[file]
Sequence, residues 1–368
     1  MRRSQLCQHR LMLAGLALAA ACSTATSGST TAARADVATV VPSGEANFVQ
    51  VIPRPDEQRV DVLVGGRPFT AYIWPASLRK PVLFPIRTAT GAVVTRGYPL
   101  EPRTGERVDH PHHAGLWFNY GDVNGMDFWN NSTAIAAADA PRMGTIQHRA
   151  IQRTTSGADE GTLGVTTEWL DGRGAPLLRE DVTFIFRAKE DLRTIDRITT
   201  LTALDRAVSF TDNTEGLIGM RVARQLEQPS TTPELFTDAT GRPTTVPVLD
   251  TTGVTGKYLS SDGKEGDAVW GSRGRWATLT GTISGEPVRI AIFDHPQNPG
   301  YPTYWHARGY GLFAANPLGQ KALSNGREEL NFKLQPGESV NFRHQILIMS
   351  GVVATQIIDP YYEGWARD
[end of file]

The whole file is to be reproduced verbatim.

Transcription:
Sequence, residues 1–368
     1  MRRSQLCQHR LMLAGLALAA ACSTATSGST TAARADVATV VPSGEANFVQ
    51  VIPRPDEQRV DVLVGGRPFT AYIWPASLRK PVLFPIRTAT GAVVTRGYPL
   101  EPRTGERVDH PHHAGLWFNY GDVNGMDFWN NSTAIAAADA PRMGTIQHRA
   151  IQRTTSGADE GTLGVTTEWL DGRGAPLLRE DVTFIFRAKE DLRTIDRITT
   201  LTALDRAVSF TDNTEGLIGM RVARQLEQPS TTPELFTDAT GRPTTVPVLD
   251  TTGVTGKYLS SDGKEGDAVW GSRGRWATLT GTISGEPVRI AIFDHPQNPG
   301  YPTYWHARGY GLFAANPLGQ KALSNGREEL NFKLQPGESV NFRHQILIMS
   351  GVVATQIIDP YYEGWARD